The U.S. health care industry might be seeing the early signs of major shifts in the health care system. Amazon, Berkshire Hathaway, and JP Morgan Chase announced on January 30 their partnership to create a new company that will offer affordable, high-quality health care. According to a news release, "The three companies, which bring their scale and complementary expertise to this long-term effort, will pursue this objective through an independent company that is free from profit-making incentives and constraints."
Lawrence A. Cunningham, Henry St. George Tucker III Research Professor of Law, participated in a Q&A about the significance of this partnership and what this could mean for the current health care industry.
Amazon, Berkshire Hathaway, and JPMorgan Chase announced that they would form an independent health care company for their employees in the United States. What does this alliance mean?
As announced, it is a statement rather than a plan. So it is modest. But, given its founding fathers and institutions, it is a credible threat of institutional pressure on health care providers to improve the industry. The goal – "simplified, high-quality and transparent healthcare at a reasonable cost" – is also vague. But it suggests a greater customer orientation, and increased focus on the patient. Today patient interests are sometimes obscured by a thicket of intermediaries that both impairs care and inflates costs.
CEOs Warren Buffett, Jeff Bezos, and Jamie Dimon are aiming to create for their workers health care that improves satisfaction and reduces costs. While the alliance will apply only to their employees, these corporations are so closely watched. Could they become models for other businesses?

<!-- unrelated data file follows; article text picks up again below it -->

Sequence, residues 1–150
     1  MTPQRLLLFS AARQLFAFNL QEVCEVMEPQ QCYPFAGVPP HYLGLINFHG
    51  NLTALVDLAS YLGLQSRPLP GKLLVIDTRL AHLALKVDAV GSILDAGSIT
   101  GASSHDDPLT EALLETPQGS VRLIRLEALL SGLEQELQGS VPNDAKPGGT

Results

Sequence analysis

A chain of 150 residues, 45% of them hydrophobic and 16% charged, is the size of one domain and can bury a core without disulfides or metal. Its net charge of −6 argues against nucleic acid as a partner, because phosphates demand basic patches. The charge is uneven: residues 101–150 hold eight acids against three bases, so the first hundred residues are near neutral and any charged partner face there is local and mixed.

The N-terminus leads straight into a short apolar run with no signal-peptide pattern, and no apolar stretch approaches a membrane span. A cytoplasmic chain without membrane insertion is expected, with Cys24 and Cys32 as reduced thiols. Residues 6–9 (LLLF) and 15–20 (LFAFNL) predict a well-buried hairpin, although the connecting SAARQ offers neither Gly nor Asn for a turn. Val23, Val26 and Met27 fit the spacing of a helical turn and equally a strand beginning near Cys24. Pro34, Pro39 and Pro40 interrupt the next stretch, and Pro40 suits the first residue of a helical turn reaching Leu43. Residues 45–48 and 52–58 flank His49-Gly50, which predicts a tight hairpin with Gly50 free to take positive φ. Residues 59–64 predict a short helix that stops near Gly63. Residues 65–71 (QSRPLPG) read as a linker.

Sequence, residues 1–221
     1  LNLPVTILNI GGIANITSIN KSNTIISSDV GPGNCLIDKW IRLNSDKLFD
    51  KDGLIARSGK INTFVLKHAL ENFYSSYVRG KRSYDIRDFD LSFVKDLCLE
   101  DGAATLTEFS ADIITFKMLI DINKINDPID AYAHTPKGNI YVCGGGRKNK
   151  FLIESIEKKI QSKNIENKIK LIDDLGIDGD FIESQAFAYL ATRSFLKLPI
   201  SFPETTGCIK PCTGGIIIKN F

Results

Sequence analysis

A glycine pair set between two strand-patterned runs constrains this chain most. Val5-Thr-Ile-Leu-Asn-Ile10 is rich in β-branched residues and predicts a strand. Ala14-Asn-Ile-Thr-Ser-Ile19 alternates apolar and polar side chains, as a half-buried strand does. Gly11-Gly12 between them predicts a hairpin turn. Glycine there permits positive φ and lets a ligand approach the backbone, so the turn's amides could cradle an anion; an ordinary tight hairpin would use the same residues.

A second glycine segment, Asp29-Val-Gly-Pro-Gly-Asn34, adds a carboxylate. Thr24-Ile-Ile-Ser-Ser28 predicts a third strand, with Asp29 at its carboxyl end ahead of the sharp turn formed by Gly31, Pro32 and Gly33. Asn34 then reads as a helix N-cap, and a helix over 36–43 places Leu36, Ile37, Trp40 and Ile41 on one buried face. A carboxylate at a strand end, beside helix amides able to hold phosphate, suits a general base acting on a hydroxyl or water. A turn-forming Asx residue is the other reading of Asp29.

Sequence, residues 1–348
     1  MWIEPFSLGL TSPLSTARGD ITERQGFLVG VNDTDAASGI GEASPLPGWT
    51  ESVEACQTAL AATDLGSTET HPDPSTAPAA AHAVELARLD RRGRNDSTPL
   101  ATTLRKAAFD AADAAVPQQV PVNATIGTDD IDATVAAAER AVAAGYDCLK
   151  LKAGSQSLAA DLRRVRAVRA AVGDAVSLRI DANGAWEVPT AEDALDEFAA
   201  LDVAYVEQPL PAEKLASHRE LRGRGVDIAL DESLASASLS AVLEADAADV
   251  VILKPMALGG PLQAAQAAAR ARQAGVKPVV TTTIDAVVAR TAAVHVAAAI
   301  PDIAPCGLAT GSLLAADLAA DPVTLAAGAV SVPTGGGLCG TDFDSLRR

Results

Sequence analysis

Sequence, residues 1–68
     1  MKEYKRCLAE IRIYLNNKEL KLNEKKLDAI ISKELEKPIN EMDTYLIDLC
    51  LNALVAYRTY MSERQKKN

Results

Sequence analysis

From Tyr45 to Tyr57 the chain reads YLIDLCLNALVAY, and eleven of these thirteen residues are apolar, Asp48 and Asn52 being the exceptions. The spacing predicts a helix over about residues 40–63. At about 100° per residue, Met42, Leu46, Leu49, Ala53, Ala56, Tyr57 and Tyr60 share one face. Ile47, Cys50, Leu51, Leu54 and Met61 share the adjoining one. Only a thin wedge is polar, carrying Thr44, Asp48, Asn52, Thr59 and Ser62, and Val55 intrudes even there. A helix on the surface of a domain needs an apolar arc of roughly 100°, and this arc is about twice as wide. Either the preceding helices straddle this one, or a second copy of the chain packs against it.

If it works, others will follow. The partnership appears prepared to be transparent with its own initiative. So benefits achieved for their employees should be readily obtainable by others. Even if some details remained confidential, labor market competition would result. Rivals of these companies would likewise invest in improved health care options for their employees.
Jeff Bezos nods to the fact that it's going to be a formidable endeavor. What do you think of the partnership?
Bezos and Buffett are both renowned for achieving the unachievable, over long periods of time across many contexts. Amazon is famous for its customer-centered approach to merchandising. So however formidable an endeavor it is, the industry would be unwise to ignore the partnership—even if vague or tentative in outline.
What are some of the challenges the CEOs could face?
Dimon's company has many clients in the health care industry, so managing the partnership's goals with the interests of those clients is an immediate and obvious challenge. It would help if the partnership can make the case that the industry will benefit from a more patient centered approach. Berkshire has not usually centralized corporate decision making or policy, leaving employee benefits and other matters to its subsidiaries. So coordinating the partnership at headquarters would be a change and could be a challenge.
Could these three heavyweights reinvent health care? If yes, how so?
I don't know and it sounds like they don't either. But there may be value in the simple act of announcing the partnership: if it it's not reinventing health care, it may at least focus more attention on the patient.